With all the emphasis placed on b-school admissions, job interviews, and networking, it can be easy for prospective students to forget the real point of b-school: to study business.
Top business schools offer more than just access to prestigious recruiters, experiential learning opportunities, and a class of talented peers. They offer the opportunity to study under some of the most accomplished and dynamic professors in the world.
So what does it take to be a great teacher of business?
Poets and Quants surveyed students, faculty, and alumni at the world’s finest b-schools to come up with a list of The World’s 40 Best B-School Profs Under the Age of 40. Hailing from Chicago Booth, MIT Sloan, HBS, Wharton, Kellogg, Duke Fuqua, and other fine institutions, these world-class educators teach the core business disciplines – finance, operations, accounting, marketing, leadership, and strategy.
Some are barely 30. Some have received honors such as the Nasdaq Award, the Goldman Sachs Asset Management Prize, and the Barclay’s Global Investors Prize. Others have had interesting life experiences (one is a filmmaker on the side, another used to be a trapeze artist). Almost all have received awards for teaching excellence.
What qualities do they have in common? Wit, charisma, and the ability to pull students out of their comfort zone. Their classrooms are bursting with lively and proactive discussions, and students often emerge from them with greater self-awareness and the ability to grasp the complexities of real-world business situations. On top of all this, outstanding business professors are fantastic one-on-one mentors who care about their students’ professional development. They often have innovative ways of using technology in their classrooms and a knack for generating hands-on learning opportunities.
According to Poets and Quants, here’s what some students had to say about their professors:
On Professor John Ackerman, Assistant Professor of Marketing, MIT Sloan:
“Professor Ackerman’s classes are galloping adventures through the amusing, quirky, irrational bits of the human mind as it navigates consumption and marketing decisions. His amazing breadth of knowledge on consumer behavior and psychology unfurls relentlessly in every class, as he runs quirky in-class experiments, cites findings both recent and classic, and explains theory and practice with a mild-mannered yet gripping authority. The class material is so fascinating that it attracts an incredible amount of class participation and many, many ‘smaht’ questions – which he calmly answers, or parries, with signature wit. His class is destined to become a classic, and I’m glad I was there.” – Lu-Fong Chua, MIT Sloan MBA Class of 2012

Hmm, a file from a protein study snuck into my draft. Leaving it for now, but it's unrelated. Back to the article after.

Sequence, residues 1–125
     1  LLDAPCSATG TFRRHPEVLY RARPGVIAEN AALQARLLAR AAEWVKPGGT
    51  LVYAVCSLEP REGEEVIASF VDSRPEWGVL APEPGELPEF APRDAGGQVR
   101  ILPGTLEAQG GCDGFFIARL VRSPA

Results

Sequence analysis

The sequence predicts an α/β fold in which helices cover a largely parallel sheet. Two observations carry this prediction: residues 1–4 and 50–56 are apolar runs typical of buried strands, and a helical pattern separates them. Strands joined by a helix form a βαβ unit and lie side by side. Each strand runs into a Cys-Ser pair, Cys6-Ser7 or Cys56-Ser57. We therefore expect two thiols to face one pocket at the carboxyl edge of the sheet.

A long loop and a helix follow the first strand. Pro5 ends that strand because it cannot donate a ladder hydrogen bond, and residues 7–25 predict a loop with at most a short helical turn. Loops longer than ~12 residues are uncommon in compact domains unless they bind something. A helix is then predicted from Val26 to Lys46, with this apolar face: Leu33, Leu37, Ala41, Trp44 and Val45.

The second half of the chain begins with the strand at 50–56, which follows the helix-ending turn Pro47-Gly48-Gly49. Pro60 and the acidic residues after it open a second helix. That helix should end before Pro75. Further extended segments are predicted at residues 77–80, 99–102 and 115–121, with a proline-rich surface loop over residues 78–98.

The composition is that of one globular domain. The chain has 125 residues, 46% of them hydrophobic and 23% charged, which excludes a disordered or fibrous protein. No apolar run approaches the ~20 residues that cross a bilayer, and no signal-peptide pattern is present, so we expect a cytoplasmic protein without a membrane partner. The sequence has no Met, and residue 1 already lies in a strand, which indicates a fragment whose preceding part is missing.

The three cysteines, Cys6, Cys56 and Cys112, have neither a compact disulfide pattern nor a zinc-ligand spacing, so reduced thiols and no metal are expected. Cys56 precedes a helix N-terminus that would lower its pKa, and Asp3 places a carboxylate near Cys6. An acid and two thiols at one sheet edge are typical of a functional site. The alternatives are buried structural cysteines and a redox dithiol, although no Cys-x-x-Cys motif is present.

On Professor Katherine Phillips, Associate Professor of Management and Organizations, Kellogg School of Business:
“What sets Professor Phillips apart in the classroom, and makes her class a great way to start the Kellogg experience, is her dynamic nature, relatable style and deep understanding of the value of diverse perspectives. She often incorporates real-world examples from her professional and personal life in her teaching: flashing up pictures of her husband and two children as she’s discussing negotiations strategy or telling stories about walking the long way around the academic building as a Stanford PhD student to maximize networking opportunities. Outside the classroom, Professor Phillips is generous with her time in supporting student initiatives. She’s served as a speaker and advisor to the Women’s Business Association on the topics of mentorship and inclusion. Her engaging teaching style and commitment beyond the classroom make her an incredible resource for Kellogg students and an asset to the school.” – Ashlee A. Miller, Kellogg MBA Class of 2011
What this means for you. If you’re applying to business school this spring or next fall, spend some time thinking about the kind of curriculum you want to define your MBA experience. Do you enjoy lecture or case-based instruction (or a mix of both teaching styles)? It’s often a good idea to familiarize yourself with the course offerings and professors at various programs. While Poets and Quants’ list is a great place to start your research, be sure to make some inquiries of your own. At b-school information sessions, ask current students to discuss their particular experiences in the classroom–which professors and classes they enjoy most, their process around shaping a course of study, etc. Remember: great professors can be found at business schools around the country. If you have an interest in a particular area of business, be sure to check out your dream b-school’s faculty and course offerings in that subject area, before you apply or accept an offer to attend!